Click on the image for a larger view. For more of my collage work, visit my website at http://ctalcroft.wixsite.com/collage-site

Saturday, December 16, 2017

Art I'm looking at: Recent Shows

Sometimes it's hard to keep up with all the good art on view in the Bay Area. I've recently seen Klimt & Rodin: An Artistic Encounter (October 14, 2017 – January 28, 2018) at The Legion of Honor, Gods in Color: Polychromy in the Ancient World (October 28, 2017 – January 7, 2018), also at The Legion of Honor, and Richard Diebenkorn: Beginnings, 1942-1955 (October 8, 2017 – January 7, 2018) at the Crocker Museum of Art, in Sacramento.

I didn't need convincing that much ancient statuary and sculpture was once polychromed. We are used to seeing such statuary and sculpture stripped of color, but scholars have long been aware that many pieces preserve virtually invisible traces of pigments, and some pieces retain quite a bit of obvious color. Why were so many scrubbed clean (mostly by 19th century archaeologists and collectors)? A symptom of prejudice perhaps, but at least a result of taste, it seems. Some have argued the practice reflects racism--a deliberate attempt by mostly white males to suggest that the gods were "white like us." That seems a bit far-fetched to me, but my incredulity may be mainly a result of the progress in thinking we've made in the last 150 years (I have no such racial insecurities). Maybe scholars really did feel uncomfortable with colored statuary because of racial prejudice. I can't say. In any case, it seems clear that many felt ancient statues were more aesthetically pleasing without adornment, whatever the underlying, subconscious reason for that feeling.

There are parallels. I own six Japanese wooden chests (tansu). Three we brought back from Japan (where I lived for about 19 years), three we purchased here, in California. The three from Japan retain their original finish. The three purchased locally have been stripped of their color. Tansu usually were finished with stain or lacquer and have mostly acquired a patina of accumulated soot and dirt, but Tansu dealers here typically strip the pieces they buy in Japan because they can't sell them locally to an audience that expects them to be "clean." The patina is prized in Japan, despised here.

I think of carpets from the East and Japanese woodblock prints. Both weavers and print designers were delighted by the introduction of garishly bright (although often fugitive) aniline dyes in the 19th century, while taste among Western scholars and collectors of both rugs and Japanese prints has always shunned the brightest colors.

The reproductions in the Legion of Honor show are based on pigment traces and remnants of patterns found on the statuary. Scholars seem to be fairly confident their recreations are close to reality, but freshly painted, they seem garish and cartoon-like. Perhaps they would have quickly weathered into something much more subtle. Straight from the factory, so to speak, they are startlingly bright. I was reminded of my feelings about new tennis shoes in childhood--bright white shoes I'd always try to quickly dirty by hopping into muddy puddles. A small but thought-provoking show. A final display with samples of some of the pigments found on ancient statuary and modern methods of detecting their presence was particularly engaging, I thought.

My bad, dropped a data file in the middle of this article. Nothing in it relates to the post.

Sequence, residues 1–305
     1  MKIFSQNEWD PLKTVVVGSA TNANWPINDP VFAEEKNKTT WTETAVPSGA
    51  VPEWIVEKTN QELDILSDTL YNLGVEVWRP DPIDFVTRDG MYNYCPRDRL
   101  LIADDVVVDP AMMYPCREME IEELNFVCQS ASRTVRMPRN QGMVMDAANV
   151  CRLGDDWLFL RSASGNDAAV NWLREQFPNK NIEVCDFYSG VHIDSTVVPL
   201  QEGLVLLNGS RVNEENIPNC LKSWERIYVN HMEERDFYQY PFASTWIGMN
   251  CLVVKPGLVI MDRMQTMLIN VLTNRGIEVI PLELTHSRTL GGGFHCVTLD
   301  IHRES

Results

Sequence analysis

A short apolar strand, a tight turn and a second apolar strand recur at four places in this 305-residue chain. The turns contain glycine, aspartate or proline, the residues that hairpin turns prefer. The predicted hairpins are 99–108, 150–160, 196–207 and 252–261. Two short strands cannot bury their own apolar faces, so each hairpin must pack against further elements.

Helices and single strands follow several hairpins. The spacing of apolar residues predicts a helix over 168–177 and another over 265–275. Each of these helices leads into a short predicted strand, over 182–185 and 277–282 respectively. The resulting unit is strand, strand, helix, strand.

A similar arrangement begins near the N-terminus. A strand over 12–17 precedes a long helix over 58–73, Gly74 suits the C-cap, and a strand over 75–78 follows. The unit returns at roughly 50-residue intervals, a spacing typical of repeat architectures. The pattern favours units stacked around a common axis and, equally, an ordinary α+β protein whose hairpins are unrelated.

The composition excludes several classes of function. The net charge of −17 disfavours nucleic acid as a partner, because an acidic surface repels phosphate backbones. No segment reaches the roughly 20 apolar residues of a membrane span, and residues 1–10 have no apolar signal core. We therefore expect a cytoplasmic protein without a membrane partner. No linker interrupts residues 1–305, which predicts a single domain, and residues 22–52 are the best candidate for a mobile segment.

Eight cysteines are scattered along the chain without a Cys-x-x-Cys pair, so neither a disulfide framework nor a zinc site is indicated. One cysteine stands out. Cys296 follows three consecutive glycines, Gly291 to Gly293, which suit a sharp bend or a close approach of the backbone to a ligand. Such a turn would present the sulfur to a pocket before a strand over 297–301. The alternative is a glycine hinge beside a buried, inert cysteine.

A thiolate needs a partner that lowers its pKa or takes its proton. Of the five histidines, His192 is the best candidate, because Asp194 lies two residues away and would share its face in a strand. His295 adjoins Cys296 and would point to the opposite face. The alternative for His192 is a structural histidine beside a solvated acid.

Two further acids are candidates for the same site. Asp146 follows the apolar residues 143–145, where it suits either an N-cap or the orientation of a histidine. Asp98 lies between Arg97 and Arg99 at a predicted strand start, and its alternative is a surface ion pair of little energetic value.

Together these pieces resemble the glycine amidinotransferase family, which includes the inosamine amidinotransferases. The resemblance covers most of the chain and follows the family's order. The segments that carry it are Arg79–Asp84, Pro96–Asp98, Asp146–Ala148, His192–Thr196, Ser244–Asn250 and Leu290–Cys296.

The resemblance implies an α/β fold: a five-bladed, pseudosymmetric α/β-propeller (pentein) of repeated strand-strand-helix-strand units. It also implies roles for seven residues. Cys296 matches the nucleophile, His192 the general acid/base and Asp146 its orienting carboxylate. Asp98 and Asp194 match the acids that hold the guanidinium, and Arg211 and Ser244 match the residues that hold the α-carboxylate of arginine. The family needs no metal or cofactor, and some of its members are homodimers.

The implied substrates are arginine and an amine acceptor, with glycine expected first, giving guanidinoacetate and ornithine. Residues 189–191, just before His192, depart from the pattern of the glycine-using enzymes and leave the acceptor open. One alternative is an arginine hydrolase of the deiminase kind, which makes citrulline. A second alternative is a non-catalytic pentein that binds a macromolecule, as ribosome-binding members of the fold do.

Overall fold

The Klimt/Rodin show is a sensible pairing of the work of contemporaries. The paintings seem right alongside the Rodin sculptures---an impression that contrasts with that created by the incongruous Sarah Lucas sculptures recently shown in some of the same galleries, although the connections between Rodin and Klimt are rather sketchily drawn here. No matter. The show offers an excellent chance to see some important work by Klimt and some rarely displayed drawings by Rodin (I've always thought Rodin's drawings more interesting than his sculpture). Several of the Klimt paintings have never been shown before in the United States.

Among the Klimts are several in the style he's best known for--stylized figures surrounded by and wrapped in bold patterning, such as The Virgin (1913) shown above, but included are some earlier works in a more realistic style, notably Portrait of Sonja Krips (1898), and an interesting unfinished Portrait of a Lady (1917) that brought to mind some of the oil sketches on cardboard done by Toulouse-Lautrec.

There are a number of large, square landscapes I thought reminiscent of Van Gogh (and one of the labels mentioned that they were painted shortly after Klimt had seen works by Van Gogh). A detail of A Garden In Italy (1913) is shown here. The frames on the paintings, too, are worth a careful look. Many are masterpieces of craftsmanship.

The Diebenkorn exhibition now on at the Crocker Museum in Sacramento subtitled Beginnings: 1942-1955, offers a good opportunity to see early works by Diebenkorn not often on view. The show focuses on the period preceding the artist's shift toward figurative work around 1955, but most of what's on display is from the latter part of this early period; there's little here that could be called juvenilia. The earliest pieces date to the time of Diebenkorn's WWII military service. There are a couple of interesting early sketches of fellow soldiers, for example, but the most compelling works are from the rarely seen cubist-influenced period (roughly 1946-1948), and then from the later Sausalito, Albuquerque, and Urbana periods. Diebenkorn moved to Sausalito in 1947, to Albuquerque in 1950, and later spent a year teaching in Urbana, Illinois, during the 1952-1953 school year, before moving to Berkeley, in 1953, after a very brief stay in New York.